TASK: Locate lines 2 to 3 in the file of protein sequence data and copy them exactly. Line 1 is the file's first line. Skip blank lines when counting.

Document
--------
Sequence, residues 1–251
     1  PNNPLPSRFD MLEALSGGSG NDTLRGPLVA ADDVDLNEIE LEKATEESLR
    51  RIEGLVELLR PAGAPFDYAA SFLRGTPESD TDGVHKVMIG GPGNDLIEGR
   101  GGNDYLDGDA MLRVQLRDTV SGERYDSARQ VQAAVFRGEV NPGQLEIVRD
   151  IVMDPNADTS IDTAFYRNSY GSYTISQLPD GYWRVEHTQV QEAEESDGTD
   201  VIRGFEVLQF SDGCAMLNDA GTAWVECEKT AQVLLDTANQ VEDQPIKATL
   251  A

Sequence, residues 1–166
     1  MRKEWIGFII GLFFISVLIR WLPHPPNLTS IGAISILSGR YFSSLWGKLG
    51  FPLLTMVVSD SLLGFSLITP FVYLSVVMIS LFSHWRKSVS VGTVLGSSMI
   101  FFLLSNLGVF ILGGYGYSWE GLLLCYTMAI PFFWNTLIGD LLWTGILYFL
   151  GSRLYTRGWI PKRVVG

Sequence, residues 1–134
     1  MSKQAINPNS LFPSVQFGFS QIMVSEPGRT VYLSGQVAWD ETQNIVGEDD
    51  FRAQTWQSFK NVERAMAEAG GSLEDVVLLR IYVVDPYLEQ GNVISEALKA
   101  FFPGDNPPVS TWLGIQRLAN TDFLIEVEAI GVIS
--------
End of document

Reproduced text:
     1  PNNPLPSRFD MLEALSGGSG NDTLRGPLVA ADDVDLNEIE LEKATEESLR
    51  RIEGLVELLR PAGAPFDYAA SFLRGTPESD TDGVHKVMIG GPGNDLIEGR